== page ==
Thursday, October 16, 2008

One of the things we will have learned when this much-too-long presidential campaign has come to an end is exactly where the deepest pockets of racism and prejudice still live and thrive. What we're discovering is how pervasive it is beyond what we in the South have known for years.

When Katrina exposed the impoverished population of New Orleans, a majority of whom were black, I heard remarks like, "They're mostly Democrats, let 'em drown," and that seemed to be the pervasive attitude of Bush and his buddy Heckuvajob Brownie and his FEMA crew. I heard them referred to as the worthless deadbeats who had done nothing to help themselves and suffered mainly due to a lifetime of depending on government for handouts. I heard them being compared unfavorably to their Mississippi neighbors (mostly white Republicans) who seemed to be more successful in securing funds and managing rebuilding efforts.

As I listened to Republican friends and neighbors, even I had moments of wondering if there weren't some truth to this warped view of the way things should be, and assuaged my guilty conscience with those unusually cold words of Jesus: The poor you will always have with you. Where, as Christians, did our responsibility to them end and their responsibility for helping themselves begin?

And how, as Southerners, did we reclaim the beauty and charm of the city that some of us considered the crown jewel of The Deep South when her beauty and charm had been so seriously tarnished? Would we ever be able to take for granted again that "The Big Easy" could be "a place that care forgot," and once again enjoy the carefree, easy-going nature of her natives? Was it just an outdated fanciful image that tourists enjoyed while residents knew the ugly truth of her crime and crumbling infrastructure? Once those ugly realities were exposed to the rest of the world, the romantics among us recoiled at the horror of what we'd been told but refused to hear. How could we have been so blind?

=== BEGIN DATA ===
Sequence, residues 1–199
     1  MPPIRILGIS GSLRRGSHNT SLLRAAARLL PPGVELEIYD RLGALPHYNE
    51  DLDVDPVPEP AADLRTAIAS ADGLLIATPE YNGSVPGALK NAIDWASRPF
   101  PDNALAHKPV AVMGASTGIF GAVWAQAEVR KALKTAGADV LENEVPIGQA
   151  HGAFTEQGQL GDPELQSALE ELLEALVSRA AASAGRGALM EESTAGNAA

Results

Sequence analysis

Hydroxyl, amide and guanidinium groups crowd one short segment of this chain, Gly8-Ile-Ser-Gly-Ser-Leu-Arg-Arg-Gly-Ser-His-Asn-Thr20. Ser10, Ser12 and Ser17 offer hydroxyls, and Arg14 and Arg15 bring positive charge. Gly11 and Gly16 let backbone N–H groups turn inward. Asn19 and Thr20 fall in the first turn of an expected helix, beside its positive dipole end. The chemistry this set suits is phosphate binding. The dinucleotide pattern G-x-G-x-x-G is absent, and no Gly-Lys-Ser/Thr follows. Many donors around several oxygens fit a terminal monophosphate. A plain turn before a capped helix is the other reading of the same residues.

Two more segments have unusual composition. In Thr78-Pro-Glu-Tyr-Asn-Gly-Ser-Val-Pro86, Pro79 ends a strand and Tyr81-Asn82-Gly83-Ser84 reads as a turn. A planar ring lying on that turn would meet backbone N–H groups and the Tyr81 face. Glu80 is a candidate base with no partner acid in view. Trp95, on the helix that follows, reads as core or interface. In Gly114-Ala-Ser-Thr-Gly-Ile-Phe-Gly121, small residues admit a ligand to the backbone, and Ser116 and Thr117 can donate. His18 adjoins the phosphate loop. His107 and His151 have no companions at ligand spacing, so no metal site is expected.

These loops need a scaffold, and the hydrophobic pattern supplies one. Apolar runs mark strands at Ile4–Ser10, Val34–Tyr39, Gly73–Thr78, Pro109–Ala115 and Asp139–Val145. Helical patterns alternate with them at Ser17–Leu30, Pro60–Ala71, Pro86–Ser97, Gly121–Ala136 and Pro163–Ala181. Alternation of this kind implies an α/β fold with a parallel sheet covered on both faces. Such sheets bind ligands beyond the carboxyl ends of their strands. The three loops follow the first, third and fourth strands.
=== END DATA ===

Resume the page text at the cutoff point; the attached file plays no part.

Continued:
A similar revelation is taking place on a much larger scale as this torturous campaign comes to a close. Divisions and vulnerabilities are once again exposed, but this time it's all across our nation, while opposing forces accuse and blame one another for the disorder. Political passion runs hot, destructive forces are unleashed, Truth and Decency are among the first casualties, and the damage to our fragile sense of security and prosperity increases every day.

God help us if another 9/11 or another Katrina occurred.

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